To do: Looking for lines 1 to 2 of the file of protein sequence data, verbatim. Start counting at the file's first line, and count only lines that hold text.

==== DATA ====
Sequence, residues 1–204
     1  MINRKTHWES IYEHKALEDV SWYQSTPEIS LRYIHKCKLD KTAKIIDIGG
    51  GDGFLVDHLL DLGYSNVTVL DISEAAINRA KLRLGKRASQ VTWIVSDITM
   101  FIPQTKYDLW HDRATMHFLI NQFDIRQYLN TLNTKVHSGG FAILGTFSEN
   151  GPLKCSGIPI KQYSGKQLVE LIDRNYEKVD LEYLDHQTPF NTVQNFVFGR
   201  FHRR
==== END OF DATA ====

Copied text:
Sequence, residues 1–204
     1  MINRKTHWES IYEHKALEDV SWYQSTPEIS LRYIHKCKLD KTAKIIDIGG